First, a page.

Finally don’t judge success by total views alone. Whether you’re a marketer or entertainer, not all views are created equally. Focus on engagement, comments, view duration, and getting to the right audience. A niche show meeting an unmet need is going to work more effectively than trying to please broad audiences.
What did I miss? Obviously the most popular videos are those involving dancing, music, comedy, satire, politics, sex, babies and animals. Don’t underestimate the power of the thumbnail (image representing the video) too. But any general tips I missed?
That video I shot Sunday for MSNBC Small Business (see MSNBC/Amex site) is going on television not the web (glad I didn’t quite realize that when I shot it, or I might have gotten nervous).
It airs this week 3/20/11 at 7:30am EST and will re-air Saturday, March 26th at 5:30am EST. This timing should work well for small businesses and entrepreneurs since they never sleep. And the YouTube peeps? They’ll still be awake from the night prior.
In the meantime, you can check some of the tips I shared with AOL small business, or buy Beyond Viral (Wiley) at your local bookstore or Amazon. And tell your friends at ABC and CBS they should book me. 🙂
Oh- I made an epic mistake on the video that I’m hoping people think was intentional because it’s so blatant. Be the first to notice it and comment below, and you get a free piece of cheese (and maybe an autographed copy of Beyond Viral if I actually remember).
Our friends at ReelSEO revealed the Pew data showing viewer’s surprising willingness to pay for online-video content. Until recently, I’ve been nervous about the notion of any subscription or pay-per-view model because it’s likely a “deal killer” for most viewers watching amateur creators. Sure I’ll pay to license/buy The Guild or Dr. Horrible, but less so for vloggers and amateurs (love ya, Charles Trippy, but “Internet Killed Television” is working quite well as free).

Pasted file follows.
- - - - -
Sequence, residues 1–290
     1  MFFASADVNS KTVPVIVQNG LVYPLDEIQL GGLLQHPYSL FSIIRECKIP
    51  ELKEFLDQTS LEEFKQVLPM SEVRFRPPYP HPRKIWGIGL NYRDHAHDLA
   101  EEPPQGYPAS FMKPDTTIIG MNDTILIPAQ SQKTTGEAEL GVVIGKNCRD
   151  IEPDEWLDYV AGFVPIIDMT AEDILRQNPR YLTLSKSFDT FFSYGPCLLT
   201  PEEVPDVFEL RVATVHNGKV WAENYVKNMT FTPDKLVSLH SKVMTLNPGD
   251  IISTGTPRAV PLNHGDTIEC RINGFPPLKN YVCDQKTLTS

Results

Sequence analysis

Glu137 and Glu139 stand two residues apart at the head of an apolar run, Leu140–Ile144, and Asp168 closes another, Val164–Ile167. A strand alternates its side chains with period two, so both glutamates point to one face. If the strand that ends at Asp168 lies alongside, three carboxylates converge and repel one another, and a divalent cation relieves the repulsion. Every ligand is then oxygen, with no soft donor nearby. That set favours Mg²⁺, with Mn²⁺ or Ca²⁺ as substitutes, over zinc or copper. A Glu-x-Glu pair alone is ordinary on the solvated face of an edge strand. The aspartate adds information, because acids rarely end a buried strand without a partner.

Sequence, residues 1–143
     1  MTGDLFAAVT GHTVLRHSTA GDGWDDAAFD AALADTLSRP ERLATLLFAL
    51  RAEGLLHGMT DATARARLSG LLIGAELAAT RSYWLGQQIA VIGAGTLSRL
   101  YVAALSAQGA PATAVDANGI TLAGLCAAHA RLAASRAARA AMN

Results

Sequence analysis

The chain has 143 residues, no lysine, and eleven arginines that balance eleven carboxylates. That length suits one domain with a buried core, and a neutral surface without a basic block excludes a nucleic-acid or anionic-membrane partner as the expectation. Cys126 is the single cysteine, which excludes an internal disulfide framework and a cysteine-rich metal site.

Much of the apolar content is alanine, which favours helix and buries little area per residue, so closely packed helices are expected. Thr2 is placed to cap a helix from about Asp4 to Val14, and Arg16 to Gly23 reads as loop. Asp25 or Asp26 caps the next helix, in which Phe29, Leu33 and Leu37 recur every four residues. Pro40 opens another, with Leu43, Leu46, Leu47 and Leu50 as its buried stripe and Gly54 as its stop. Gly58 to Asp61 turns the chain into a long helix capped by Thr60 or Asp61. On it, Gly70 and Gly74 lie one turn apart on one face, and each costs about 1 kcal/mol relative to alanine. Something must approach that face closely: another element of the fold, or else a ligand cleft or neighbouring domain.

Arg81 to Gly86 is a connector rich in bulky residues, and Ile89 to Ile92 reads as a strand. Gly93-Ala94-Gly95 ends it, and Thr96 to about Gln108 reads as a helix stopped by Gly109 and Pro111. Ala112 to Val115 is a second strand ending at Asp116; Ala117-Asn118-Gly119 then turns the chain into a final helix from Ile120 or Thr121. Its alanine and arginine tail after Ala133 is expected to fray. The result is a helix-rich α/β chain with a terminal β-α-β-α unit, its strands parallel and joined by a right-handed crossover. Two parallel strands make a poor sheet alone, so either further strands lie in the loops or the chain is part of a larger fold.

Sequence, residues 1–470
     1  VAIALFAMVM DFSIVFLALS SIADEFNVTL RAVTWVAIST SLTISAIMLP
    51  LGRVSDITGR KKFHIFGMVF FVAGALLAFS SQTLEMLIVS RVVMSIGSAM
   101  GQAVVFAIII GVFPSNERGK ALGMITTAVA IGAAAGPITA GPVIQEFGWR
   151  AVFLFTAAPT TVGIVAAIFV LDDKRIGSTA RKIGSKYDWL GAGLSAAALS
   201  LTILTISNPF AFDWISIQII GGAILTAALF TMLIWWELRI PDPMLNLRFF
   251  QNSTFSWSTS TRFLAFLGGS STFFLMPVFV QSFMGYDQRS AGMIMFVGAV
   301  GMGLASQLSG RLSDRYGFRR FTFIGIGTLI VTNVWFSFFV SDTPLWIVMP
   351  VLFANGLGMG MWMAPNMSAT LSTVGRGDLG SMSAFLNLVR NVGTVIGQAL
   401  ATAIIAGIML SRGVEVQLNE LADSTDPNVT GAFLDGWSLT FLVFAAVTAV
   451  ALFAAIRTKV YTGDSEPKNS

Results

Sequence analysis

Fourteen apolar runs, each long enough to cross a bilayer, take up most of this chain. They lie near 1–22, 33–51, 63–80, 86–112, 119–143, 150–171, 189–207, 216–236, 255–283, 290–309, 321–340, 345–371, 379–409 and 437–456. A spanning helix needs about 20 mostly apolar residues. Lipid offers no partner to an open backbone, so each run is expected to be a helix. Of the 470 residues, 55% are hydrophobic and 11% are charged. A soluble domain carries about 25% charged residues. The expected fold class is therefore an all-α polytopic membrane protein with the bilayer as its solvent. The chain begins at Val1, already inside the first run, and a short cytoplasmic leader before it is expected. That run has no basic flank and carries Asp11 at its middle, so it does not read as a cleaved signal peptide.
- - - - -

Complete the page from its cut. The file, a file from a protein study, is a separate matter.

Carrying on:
I’ve long maintained that the marketplace depended on advertising revenue since YouTube viewers are accustomed to free content. I believe the vast majority would protest a fee-based model — whether a token “pay-per-view” or modest subscription charge. Still, some would pay to avoid ads and access “extras.” But let’s try to avoid the dreaded but inevitable “one-two-punch” models ($7.99 Hulu plus– where the “plus” stands for ads) that subject viewers to both a subscription and advertisements. I’m still sometimes perplexed why I pay for CableTV and get subjected to advertisements. Then again, it worked with magazine subscriptions.
Note: this post is me sculpting fog, and is subject to errors in logic. I hope you’ll comment so we viewers (and advertisers) can “crowd source” a solution.
A solution to the free vs. paid debate can be simple to the viewer, but certainly has nuances. The trick is that the model can’t be black or white, or binary. We need to provide viewers with options based on the proven success of “freemium” in software. “Freemium” refers to a trial version with limited functionality that is free, coupled with a paid premium offering (usually offering more stuff we value) that sustains the provider’s economic needs. This differs from the loathed “paywall” model that suddenly restricts content access to paying subscribers, a model that would certainly flop in the democratic and entitlement era of YouTube. Here’s what I propose:
FREE CONTINUES: Maintain free content for everyone with pre-rolls, Invids, banners, and Ding-Dong Fat Mamas (I made that last one up, but it’s not far from real terms like “takeovers” and “Fat Boys“).